The Ascendant OGN Review
Writer: Luke Martinez
Artist: Unai de Zarate
Colorist: DC Alonso
Letterer: Marshall Sriboonrung
Story Consultant: Stephanie Cannon
Publisher: Ironclad Press
Review by Cory Webber
The Ascendant is the story of a generational figure who passes the mantle down to his sidekicks. The original Ascendant, Grant Barnes, is suffering from long-term dementia. Ted Sellers, the second Ascendant, is tormented by feeling powerless as he is unable to help his mentor and hero. Meanwhile, difficulties are emerging in his relationship with his former sidekick, the current Ascendant, Jaime Garcia.
More than just a superhero story, The Ascedant deals with the real-life, human aspect that is often glossed over in typical superhero fare. While reading this 80-plus page story, I couldn’t help but feel that the writer was drawing from personal experience. So, it was no surprise to read at the end of the book that the author had a loved one who had experienced something similar.
Now, I may have been in the perfect mood for this book, but I found it refreshing. It is authentic, original, and full of heart, while maintaining a fair amount of levity and superheroics.
The script can be dialogue-heavy at times, with some panels being overly stuffed with speech balloons; however, these moments did not slow down the pace of the story. Rather, every word choice seemed to be purposeful and meaningful. Also, there is a decent mystery storyline throughout regarding the retirement homes’ other residents and their supposed secret identities.
The art perfectly complements the story. The overall composition is consistent throughout. Now, some parts were short on detail, especially buildings in the background, but for the most part it was fine.
I liked the character designs, especially the three Ascendants; each one was distinct yet aesthetically connected someway to the others. There are also some neat alien and villain designs, including a giant multi-eyed, large-fanged alien monster. I would love to see more of this world in other adventures.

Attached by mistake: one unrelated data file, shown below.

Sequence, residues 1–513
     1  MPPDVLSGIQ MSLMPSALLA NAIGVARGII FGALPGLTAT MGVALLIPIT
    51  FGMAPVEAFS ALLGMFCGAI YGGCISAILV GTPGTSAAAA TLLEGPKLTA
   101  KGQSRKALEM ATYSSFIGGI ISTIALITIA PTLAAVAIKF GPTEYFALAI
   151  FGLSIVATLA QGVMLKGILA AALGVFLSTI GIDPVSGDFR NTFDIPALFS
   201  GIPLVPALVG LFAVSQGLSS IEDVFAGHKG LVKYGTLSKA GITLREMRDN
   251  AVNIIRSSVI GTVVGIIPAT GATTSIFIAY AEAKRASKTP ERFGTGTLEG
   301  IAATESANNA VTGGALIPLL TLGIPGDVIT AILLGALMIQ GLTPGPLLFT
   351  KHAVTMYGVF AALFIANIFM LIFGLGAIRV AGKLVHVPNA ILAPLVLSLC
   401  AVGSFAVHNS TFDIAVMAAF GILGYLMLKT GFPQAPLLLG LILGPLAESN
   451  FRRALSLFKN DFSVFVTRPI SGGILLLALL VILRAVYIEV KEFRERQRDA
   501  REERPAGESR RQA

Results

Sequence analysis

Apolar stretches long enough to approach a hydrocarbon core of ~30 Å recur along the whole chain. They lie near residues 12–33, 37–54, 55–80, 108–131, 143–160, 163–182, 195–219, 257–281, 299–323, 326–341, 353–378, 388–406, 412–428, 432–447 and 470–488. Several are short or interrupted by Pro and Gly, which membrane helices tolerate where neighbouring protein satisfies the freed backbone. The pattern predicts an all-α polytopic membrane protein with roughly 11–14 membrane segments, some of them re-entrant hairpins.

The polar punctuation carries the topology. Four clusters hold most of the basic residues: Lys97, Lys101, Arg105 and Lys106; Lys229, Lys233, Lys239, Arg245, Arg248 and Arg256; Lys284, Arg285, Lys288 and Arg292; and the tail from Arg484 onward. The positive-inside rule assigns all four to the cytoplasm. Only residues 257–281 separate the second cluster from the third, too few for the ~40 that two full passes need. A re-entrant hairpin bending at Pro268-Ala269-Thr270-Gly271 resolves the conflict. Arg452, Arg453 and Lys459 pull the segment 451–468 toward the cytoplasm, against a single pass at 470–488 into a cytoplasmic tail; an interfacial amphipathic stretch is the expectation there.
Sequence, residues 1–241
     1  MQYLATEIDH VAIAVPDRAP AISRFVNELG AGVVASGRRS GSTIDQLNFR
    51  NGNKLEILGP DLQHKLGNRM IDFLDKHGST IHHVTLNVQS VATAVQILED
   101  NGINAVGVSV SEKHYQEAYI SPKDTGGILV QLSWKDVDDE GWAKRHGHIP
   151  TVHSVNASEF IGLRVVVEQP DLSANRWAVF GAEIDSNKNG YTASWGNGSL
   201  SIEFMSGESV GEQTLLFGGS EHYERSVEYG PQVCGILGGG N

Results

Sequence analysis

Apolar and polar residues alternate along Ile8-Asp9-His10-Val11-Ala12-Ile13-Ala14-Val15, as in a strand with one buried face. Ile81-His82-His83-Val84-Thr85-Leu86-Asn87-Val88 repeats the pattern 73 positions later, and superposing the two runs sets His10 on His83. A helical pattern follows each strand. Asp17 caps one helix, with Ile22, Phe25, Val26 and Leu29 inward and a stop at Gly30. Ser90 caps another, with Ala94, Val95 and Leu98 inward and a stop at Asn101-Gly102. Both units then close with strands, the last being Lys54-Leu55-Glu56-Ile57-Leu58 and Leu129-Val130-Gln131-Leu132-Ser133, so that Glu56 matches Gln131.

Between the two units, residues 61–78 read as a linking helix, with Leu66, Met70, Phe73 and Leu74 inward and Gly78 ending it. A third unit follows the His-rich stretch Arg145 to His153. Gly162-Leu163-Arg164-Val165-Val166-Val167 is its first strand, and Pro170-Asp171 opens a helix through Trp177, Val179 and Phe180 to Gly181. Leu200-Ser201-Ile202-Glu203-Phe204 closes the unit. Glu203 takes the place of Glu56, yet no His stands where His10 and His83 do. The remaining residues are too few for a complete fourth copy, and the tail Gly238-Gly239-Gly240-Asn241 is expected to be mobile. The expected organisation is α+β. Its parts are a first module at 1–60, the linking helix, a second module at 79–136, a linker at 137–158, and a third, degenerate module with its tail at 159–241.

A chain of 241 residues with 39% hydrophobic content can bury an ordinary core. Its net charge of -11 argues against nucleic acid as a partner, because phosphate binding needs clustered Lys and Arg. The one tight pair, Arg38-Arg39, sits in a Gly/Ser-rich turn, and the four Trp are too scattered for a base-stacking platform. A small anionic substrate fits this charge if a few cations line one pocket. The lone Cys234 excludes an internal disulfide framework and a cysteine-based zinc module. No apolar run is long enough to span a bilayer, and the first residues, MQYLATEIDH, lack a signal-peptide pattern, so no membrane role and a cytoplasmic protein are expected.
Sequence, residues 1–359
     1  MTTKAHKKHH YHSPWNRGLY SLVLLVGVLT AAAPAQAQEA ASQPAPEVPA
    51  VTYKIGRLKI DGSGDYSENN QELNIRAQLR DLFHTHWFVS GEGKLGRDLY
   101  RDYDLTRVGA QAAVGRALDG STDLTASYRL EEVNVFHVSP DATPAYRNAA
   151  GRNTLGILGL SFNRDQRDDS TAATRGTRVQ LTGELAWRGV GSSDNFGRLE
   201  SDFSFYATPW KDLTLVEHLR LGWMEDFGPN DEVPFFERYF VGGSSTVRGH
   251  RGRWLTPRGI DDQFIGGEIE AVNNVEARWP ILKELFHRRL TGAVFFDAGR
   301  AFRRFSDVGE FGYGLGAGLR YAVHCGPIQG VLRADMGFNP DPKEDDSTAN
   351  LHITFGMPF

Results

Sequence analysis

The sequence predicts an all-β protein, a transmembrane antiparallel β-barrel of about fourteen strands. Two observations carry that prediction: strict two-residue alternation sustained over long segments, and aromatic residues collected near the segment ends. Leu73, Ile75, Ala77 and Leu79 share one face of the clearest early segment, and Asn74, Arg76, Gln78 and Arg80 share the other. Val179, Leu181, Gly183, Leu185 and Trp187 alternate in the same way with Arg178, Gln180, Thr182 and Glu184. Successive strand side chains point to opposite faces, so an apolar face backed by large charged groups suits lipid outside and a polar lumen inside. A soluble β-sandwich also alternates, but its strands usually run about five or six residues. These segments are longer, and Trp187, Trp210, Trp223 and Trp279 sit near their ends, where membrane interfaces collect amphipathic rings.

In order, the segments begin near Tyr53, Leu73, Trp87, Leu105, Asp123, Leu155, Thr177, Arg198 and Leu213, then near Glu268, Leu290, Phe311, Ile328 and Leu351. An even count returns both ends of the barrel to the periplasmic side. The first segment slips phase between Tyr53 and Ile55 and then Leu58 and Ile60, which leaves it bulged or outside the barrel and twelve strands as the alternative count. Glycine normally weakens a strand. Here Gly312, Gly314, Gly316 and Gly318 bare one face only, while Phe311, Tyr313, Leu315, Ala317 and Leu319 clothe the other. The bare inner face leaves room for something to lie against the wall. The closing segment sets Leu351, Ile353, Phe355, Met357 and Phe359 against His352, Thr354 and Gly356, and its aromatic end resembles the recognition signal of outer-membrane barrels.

Now, I don’t mention the lettering unless it stands out. Well, it does just that. Specifically, the way the letterer connected alternating dialogue between two characters. Normally, the connecting line from one speaker’s speech balloons to the next goes around the other character’s word balloons. I can imagine this could get tricky for some longer-winded conversations. However, the letterer cleverly continues the connecting line from one character’s speech balloon behind those of the other characters. I don’t think I’ve ever seen it done quite like that before. As a result, the conversation between the characters flowed more naturally. I credit this subtle move with preventing the more dialogue-laden panels from bogging down the pace of the story.
Verdict: Buy it.
The Ascendant is a wonderful alternative to the multitude of superhero stories out there. It does not abandon superhero tropes altogether, but rather it focuses on the human side of such tales to great effect. The book is insightful, personal and all around well-done.
The Ascendant is currently for sale on DriveThruComics and ComixCentral, and it will be on Comixology later this month. The author is also hoping it will be available in print this summer.